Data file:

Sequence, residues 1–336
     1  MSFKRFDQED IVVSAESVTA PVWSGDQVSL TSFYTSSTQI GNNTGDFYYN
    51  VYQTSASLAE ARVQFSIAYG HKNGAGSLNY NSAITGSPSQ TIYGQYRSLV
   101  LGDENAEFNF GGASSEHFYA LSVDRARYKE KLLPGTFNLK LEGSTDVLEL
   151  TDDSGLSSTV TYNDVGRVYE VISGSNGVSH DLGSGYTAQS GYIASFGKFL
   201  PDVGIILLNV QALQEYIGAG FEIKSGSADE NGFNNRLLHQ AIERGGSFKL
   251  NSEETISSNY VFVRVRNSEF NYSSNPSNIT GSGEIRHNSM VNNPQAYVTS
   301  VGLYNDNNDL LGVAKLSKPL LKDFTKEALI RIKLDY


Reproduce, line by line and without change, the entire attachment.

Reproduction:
Sequence, residues 1–336
     1  MSFKRFDQED IVVSAESVTA PVWSGDQVSL TSFYTSSTQI GNNTGDFYYN
    51  VYQTSASLAE ARVQFSIAYG HKNGAGSLNY NSAITGSPSQ TIYGQYRSLV
   101  LGDENAEFNF GGASSEHFYA LSVDRARYKE KLLPGTFNLK LEGSTDVLEL
   151  TDDSGLSSTV TYNDVGRVYE VISGSNGVSH DLGSGYTAQS GYIASFGKFL
   201  PDVGIILLNV QALQEYIGAG FEIKSGSADE NGFNNRLLHQ AIERGGSFKL
   251  NSEETISSNY VFVRVRNSEF NYSSNPSNIT GSGEIRHNSM VNNPQAYVTS
   301  VGLYNDNNDL LGVAKLSKPL LKDFTKEALI RIKLDY